With Version 3 of Silverlight, Microsoft has brought its development platform closer in line with that of Adobe Flash. However, Silverlight still lags behind Flash in terms of the capability one would expect from an RIA platform. Version 3 of the tool used for building Silverlight apps, Expression Blend, looked robust in eWEEK Labs' tests of the release candidate.
With the release of Silverlight 3, Microsoft continues its race to
catch up with the product's main competition-namely, Adobe's Flash. To
a large degree, Microsoft has done a good job, adding many features
that Silverlight lacked compared with Flash.
But Silverlight still lags behind Adobe's Flash-and behind Adobe's
related products, AIR and Flex--when it comes to providing
the capabilities that one expects from an RIA (rich Internet
Further, Silverlight is still well behind Flash in terms of market
penetration, which means developers looking to reach a wide audience
will still choose Flash. (This is well-illustrated by the fact that
Microsoft itself uses Flash for the much-talked-about video preview
feature inside the company's new Bing search service.)
Still, Silverlight 3 is a promising entry in the RIA arena, and it
is significantly improved over Version 2, especially in the areas of
high-definition code support and in its ability to run outside the
browser. While Silverlight may not overtake Adobe's offerings (or, for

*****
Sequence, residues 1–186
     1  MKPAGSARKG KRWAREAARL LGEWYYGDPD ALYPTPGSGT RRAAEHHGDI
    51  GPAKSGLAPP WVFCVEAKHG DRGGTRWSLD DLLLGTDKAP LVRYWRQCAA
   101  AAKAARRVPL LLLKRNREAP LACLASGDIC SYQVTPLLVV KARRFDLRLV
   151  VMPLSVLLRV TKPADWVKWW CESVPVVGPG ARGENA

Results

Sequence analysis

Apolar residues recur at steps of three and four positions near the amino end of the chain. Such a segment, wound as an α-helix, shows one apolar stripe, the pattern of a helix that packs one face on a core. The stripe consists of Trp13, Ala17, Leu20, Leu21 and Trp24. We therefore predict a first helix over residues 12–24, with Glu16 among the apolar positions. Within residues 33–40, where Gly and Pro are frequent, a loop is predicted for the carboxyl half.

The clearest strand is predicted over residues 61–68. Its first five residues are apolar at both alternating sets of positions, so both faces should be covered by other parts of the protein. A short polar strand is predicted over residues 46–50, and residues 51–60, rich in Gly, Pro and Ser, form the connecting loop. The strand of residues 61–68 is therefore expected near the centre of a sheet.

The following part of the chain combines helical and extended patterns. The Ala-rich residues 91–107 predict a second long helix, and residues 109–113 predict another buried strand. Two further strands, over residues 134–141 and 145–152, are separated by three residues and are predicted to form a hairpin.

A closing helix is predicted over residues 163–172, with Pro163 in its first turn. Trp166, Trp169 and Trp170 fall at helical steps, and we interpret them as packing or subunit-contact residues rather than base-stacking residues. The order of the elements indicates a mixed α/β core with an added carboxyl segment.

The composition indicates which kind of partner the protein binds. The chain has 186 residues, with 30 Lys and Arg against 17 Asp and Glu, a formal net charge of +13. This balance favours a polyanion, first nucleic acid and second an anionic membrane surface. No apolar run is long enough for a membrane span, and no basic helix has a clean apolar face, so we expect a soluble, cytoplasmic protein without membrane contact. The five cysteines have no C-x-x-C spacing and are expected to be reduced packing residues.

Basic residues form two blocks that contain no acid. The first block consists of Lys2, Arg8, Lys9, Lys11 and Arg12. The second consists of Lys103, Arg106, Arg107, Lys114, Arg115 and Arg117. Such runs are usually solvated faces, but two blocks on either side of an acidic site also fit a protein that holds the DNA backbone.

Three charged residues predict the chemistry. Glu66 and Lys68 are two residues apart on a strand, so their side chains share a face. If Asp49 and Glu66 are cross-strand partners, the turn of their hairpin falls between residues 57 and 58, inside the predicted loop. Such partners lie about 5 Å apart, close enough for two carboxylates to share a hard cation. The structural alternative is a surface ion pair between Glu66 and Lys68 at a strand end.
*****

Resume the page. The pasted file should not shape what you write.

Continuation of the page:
that matter, Java, AJAX or HTML 5), it could prove to be a powerful new
tool in the arsenal of Microsoft platform developers.
The Mono-based Moonlight project provides Silverlight functionality
for Linux users, although Moonlight's capabilities are not as rich as
those of Silverlight 3.
To the Test
I loaded Silverlight onto Windows and Mac OS systems, and tested it
using sample applications, publicly available Silverlight content and
applications, and my own content.
From a user perspective, one of the biggest new features in
Silverlight 3 is the ability to run applications out of the browser and
offline. This capability which must be enabled by the developer, allows
users to run Silverlight applications as stand-alone desktop
applications, complete with the ability to run on startup and handle
basic local data storage.
In tests, this capability worked well, but it isn't on the same
level of a desktop platform such as Adobe AIR. For the most part, it is
more similar to Mozilla Prism or Google Gears, though with richer media
Defining an application for use outside the browser was a simple
task. I simply chose Enable Applications Outside of Browser from the
Project menu. Users of the application would then have the option to
run it out of browser and to create Desktop and Start menu icons.
Another nice Silverlight 3 feature is Smooth Streaming, which is
actually provided by delivering content using Internet Information
Services on Windows Server 2008. This makes it possible to deliver
content and have the content adjust its quality and bandwidth usage on
the fly depending on the user's connection quality.
On the video side, Silverlight 3 joins Flash in its support of H.264
video and AAC audio, which provide high-quality Internet-based video
and audio, respectively. Silverlight 3 also includes several
interactive and 3D enhancements, providing greater content
manipulation and control for users.